A new study, supported by the NIHR ARC North East and North Cumbria’s Open Funding Competition for 2020, is set to explore the delivery of more parent-infant relationship teams in our region, and beyond.
The project is jointly-led by Newcastle University and the Parent-Infant Foundation and will involve the co-development of a commissioning support tool, which could be used nationally.
Mental health emerges in infancy and acts as a protective, or risk, factor for future wellbeing.
Parent-infant relationships are central to infant mental health, and if difficulties emerge it can have far-reaching consequences for a child’s future wellbeing. Parent-infant relationship teams can play a critical role in promoting positive parent-infant relations.
However, many regions are under-served – and in the North East and North Cumbria, there’s just one parent-infant relationship team that can only be accessed by families in a specific area.
This project is led by Dr Bronia Arnott (Newcastle University) and Dr Karen Bateson (Parent-Infant Foundation) and seeks to address the inequalities parents face in accessing parent-infant services, through the co-development of a commissioning support tool.
The work aims to support the delivery of more parent-infant services in under-served areas, and ultimately enable more infants and families to get the support they need during such a critical period of child development.
What is the challenge?
Infants are the most vulnerable members of society – yet are the most neglected in mental health; 42% of Child and Adolescent Mental Health Services in England and Wales make no provision for under-twos (according to the recent ‘Rare Jewels’ report from the Parent Infant Partnership). This project addresses the marginalisation of infant mental health.
Difficulties in parent-infant relationships increase with adversity, including low-income and maternal substance use (according to the Parent-Infant Foundation Toolkit) with families experiencing multiple factors at the highest risk.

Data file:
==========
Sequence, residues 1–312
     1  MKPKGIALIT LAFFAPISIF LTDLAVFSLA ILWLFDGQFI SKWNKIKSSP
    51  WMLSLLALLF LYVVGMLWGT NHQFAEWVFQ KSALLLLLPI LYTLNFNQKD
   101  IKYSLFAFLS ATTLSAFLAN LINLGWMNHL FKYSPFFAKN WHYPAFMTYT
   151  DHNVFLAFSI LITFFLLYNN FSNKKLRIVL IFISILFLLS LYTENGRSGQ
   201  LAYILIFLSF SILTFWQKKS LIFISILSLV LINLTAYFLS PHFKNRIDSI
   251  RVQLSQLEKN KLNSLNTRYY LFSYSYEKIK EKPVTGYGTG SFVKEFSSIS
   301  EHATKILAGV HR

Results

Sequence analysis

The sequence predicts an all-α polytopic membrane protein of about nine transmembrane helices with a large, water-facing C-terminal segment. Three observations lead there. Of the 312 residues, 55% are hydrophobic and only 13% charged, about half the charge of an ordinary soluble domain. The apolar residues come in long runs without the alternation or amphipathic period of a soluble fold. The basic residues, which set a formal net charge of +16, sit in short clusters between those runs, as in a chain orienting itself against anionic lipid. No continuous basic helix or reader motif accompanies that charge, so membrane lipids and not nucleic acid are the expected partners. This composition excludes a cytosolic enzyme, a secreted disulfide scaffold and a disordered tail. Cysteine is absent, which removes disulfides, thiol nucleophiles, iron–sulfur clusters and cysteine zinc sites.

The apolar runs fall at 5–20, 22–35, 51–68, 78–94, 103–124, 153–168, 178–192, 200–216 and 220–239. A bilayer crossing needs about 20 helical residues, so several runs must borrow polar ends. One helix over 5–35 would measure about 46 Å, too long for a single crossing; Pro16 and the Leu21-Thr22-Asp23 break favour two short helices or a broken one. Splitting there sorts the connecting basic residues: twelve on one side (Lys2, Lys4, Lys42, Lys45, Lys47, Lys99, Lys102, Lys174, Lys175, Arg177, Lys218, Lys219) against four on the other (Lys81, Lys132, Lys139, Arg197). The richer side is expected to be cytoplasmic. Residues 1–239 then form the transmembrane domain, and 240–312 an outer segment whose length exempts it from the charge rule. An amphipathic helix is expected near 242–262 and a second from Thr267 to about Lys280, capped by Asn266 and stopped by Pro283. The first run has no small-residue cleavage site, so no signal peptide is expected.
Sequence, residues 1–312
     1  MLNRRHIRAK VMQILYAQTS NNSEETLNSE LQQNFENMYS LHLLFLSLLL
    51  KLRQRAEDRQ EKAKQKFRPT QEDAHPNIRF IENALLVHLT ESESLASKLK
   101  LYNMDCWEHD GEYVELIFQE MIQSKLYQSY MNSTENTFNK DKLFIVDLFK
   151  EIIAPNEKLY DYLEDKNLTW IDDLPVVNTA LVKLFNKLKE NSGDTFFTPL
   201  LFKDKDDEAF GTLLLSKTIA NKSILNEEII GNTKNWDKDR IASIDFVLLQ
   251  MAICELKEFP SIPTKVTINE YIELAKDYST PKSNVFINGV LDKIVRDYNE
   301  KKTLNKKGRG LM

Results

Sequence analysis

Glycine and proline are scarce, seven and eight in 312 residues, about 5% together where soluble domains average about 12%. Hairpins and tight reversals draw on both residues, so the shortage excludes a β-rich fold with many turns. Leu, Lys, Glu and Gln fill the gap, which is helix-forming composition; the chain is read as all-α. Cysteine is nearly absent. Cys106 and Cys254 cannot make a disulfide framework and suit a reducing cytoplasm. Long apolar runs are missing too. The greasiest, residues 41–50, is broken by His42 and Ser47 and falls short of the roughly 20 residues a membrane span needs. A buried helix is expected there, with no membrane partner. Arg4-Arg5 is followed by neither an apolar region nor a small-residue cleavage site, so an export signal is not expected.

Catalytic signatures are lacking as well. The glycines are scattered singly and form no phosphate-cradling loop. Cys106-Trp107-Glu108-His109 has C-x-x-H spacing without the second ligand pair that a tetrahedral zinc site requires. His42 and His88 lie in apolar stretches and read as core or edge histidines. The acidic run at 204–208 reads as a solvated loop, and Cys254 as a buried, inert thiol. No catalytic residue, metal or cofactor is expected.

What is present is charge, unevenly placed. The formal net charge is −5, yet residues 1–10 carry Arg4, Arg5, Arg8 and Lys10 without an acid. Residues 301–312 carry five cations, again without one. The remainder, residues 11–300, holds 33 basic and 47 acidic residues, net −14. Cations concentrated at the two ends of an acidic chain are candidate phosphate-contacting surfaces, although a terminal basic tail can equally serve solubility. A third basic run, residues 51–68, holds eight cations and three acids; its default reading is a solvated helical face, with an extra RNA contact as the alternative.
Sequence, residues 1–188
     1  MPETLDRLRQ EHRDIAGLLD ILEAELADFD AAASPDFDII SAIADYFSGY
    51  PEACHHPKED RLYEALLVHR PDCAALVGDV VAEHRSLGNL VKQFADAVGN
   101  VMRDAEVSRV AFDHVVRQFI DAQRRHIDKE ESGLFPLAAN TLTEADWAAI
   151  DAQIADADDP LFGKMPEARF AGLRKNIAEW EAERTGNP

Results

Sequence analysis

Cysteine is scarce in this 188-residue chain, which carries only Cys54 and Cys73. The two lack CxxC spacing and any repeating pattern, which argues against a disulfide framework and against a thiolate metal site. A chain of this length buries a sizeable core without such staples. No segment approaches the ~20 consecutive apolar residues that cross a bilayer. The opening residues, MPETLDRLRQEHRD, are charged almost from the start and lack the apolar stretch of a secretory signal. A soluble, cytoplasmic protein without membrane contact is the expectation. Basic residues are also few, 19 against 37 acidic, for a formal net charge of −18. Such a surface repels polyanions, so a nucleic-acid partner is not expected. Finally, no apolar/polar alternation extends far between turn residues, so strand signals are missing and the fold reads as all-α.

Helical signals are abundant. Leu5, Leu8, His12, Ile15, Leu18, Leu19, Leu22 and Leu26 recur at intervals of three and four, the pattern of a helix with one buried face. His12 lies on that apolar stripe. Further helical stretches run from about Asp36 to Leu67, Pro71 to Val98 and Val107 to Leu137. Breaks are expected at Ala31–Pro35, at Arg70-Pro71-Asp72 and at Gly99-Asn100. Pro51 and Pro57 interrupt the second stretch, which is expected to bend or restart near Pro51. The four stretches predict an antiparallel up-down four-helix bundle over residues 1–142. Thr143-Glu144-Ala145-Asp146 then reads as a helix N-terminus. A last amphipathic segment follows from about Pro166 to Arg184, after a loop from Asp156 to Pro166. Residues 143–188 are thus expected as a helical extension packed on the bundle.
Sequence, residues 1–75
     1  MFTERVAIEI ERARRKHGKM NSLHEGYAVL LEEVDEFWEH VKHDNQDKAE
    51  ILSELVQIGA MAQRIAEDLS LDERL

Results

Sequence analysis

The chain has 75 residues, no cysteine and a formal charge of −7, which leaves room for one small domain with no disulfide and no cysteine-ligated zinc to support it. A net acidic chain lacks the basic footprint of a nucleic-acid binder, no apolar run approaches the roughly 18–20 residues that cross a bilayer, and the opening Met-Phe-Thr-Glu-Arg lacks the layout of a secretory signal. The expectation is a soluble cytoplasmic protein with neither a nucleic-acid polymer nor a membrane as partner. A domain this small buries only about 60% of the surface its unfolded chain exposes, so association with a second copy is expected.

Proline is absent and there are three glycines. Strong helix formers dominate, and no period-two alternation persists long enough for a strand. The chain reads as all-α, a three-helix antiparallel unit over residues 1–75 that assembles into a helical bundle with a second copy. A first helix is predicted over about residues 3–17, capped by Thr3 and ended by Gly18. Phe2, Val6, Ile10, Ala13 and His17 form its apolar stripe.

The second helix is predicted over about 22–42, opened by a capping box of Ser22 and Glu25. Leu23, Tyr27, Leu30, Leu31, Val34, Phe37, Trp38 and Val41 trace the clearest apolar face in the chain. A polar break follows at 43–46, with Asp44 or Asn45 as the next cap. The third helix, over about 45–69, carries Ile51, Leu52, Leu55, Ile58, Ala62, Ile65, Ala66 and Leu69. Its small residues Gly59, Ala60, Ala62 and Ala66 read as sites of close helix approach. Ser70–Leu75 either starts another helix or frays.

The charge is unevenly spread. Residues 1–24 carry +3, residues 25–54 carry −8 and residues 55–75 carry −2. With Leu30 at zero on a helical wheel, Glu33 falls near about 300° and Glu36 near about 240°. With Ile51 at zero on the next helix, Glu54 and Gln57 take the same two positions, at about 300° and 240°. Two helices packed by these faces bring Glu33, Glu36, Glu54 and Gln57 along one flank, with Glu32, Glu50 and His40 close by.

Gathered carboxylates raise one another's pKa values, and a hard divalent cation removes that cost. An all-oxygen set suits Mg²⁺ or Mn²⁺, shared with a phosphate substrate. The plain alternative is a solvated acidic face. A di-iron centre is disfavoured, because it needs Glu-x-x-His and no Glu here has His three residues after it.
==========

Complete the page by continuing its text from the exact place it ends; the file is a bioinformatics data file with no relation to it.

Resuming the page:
Parent-infant teams have been commissioned in some areas to address parent-infant relationship difficulties and infant mental health but currently the North East and North Cumbria has only one parent-infant team – the Newcastle Parent Infant Partnership (NEWPIP) delivered by Children North East – and this can only be accessed by families within Newcastle.
What will the work involve?
This project, which runs until July 2022, will involve:
- Identifying relevant commissioners through a mapping exercise
- Exploring how commissioners decide which services should be commissioned, how they are commissioned, and the facilitators of and barriers to commissioning parent-infant services
- Regional workshops to facilitate the co-creation of a commissioning support tool
The project has been funded by the NIHR Applied Research Collaboration North East and North Cumbria through the Supporting Children and Families theme as part of its Open Funding Competition for 2020.
What do we mean by a ‘commissioning support tool’?
Commissioners review the services that are needed by people who live in an area, and make sure that those services are available and appropriate. They have to balance quality and value for money with what needs to be achieved. They often have to balance competing demands and needs within limited budgets.
A commissioning support tool could be used to make it easier for commissioners to deliver appropriate parent-infant mental health services for our area, and within budget. Through qualitative interviews and workshops the research team work with commissioners to co-develop a tool which will enable them to plan the right support for families, enabling a significant improvement in prevention of infant and childhood mental health challenges.
Collaboration throughout the project
The voice of families is high on the agenda for this project and Public Involvement and Community Engagement (PICE) activities will ensure that the voice of families informs the research. Through creative engagement with families the researchers seek to understand narrative stories of parent-infant relationships and access to services to help understand what data could inform the commissioning decision-making process.
What we hope to achieve
The project aims to support access to more parent-infant services in our region, reducing inequalities, and ultimately ensuring more infants and families get the support they need during such a critical period of child development.
The commissioning tool, if successful, could also be used nationally.
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